Jack Dorsey Says the Internet Should Have Its Own Native Currency

The CEO of Square and Twitter is bullish on Bitcoin

Twitter CEO Jack Dorsey spoke with Lightning Labs CEO Elizabeth Stark on Wednesday at the Consensus conference. CoinDesk
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Jack Dorsey thinks the internet should have its own currency.

According to the CEO of Twitter and Square, a digital currency that’s universal in nature could benefit both consumers and companies in the ever-evolving world of online payments.

“The internet deserves its own currency,” Dorsey said today at the Consensus blockchain and cryptocurrency conference New York. “It will have a native currency. I don’t know if it will be Bitcoin or not. I hope it will be.”

While Dorsey is more frequently associated with Twitter, he’s become bullish on cryptocurrencies such as Bitcoin—the increasingly popular-but-volatile digital currency that’s decreased in value from its peak of nearly $20,000 in mid-December to today’s opening price of $8,474. In fact, Square was the first company that allowed cryptocurrency trading through its Square Cash app earlier this year.

Speaking on stage with Lightning Labs CEO Elizabeth Stark, Dorsey recalled his early interest in crypocurrencies and cryptography, which began even before co-founding Twitter more than a decade ago. However, it wasn’t necessarily easy to get everyone at Square as interested. While the company began letting users accept Bitcoin payments as far back as 2014, integrating it into Square Cash has made it increasingly popular. (As Quartz pointed out last year, Square’s own stock has benefited in value as a result of the adoption too.)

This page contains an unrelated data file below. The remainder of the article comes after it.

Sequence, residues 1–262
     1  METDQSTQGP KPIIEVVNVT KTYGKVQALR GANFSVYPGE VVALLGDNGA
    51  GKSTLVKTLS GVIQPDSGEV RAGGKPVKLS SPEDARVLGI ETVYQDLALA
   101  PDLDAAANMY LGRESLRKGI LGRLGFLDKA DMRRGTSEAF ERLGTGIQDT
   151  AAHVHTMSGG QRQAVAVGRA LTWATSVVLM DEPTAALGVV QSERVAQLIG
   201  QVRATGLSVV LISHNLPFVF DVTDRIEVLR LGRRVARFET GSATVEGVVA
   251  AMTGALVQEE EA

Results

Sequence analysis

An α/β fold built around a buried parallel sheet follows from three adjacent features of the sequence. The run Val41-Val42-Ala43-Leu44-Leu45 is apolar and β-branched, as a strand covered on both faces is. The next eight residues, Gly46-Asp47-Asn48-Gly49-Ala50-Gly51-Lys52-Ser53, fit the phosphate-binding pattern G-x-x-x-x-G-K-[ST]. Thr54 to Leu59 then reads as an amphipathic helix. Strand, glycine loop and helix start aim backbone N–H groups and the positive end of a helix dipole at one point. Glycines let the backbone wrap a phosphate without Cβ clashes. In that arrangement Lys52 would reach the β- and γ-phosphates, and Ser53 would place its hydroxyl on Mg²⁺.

Dorsey said that while allowing people to trade Bitcoin with Square was—and still is—a contentious topic within the company, he thinks cryptocurrencies are creating a “fundamental shift” in society.

While blockchain technology might still seem confined to crypto-enthusiasts, executives across various industries—like health care, consumer goods and advertising—say blockchain has broader implications for how products are tracked, data is shared and ads are verified.

While it could help Square and other companies around the world more quickly enter foreign markets, Dorsey said he also sees the value for Twitter. For example, he said it could help verify the identifies of users, decrease spam and increase trust.

Dorsey isn’t the only CEO of a major social network that’s thinking about the uses of blockchain. Last week, the head of Facebook Messenger announced plans to head up a new team focused on blockchain.

While many associate Bitcoin and other cryptocurrencies as a way to make lots of money, Dorsey said it should also be used for purchasing products as basic as a cup of coffee. He said he should be able to go to a coffee shop in San Francisco and pay for his cup without the barista even realizing what he paid with.

“We’re kind of getting out of the original idea that we were going after, but in a way that we thought was better because it made people more cognizant of the value of it,” he said. “And some of that awareness is just so important to the approach and to people’s understanding of the technology as well.”


@martyswant martin.swant@adweek.com Marty Swant is a former technology staff writer for Adweek.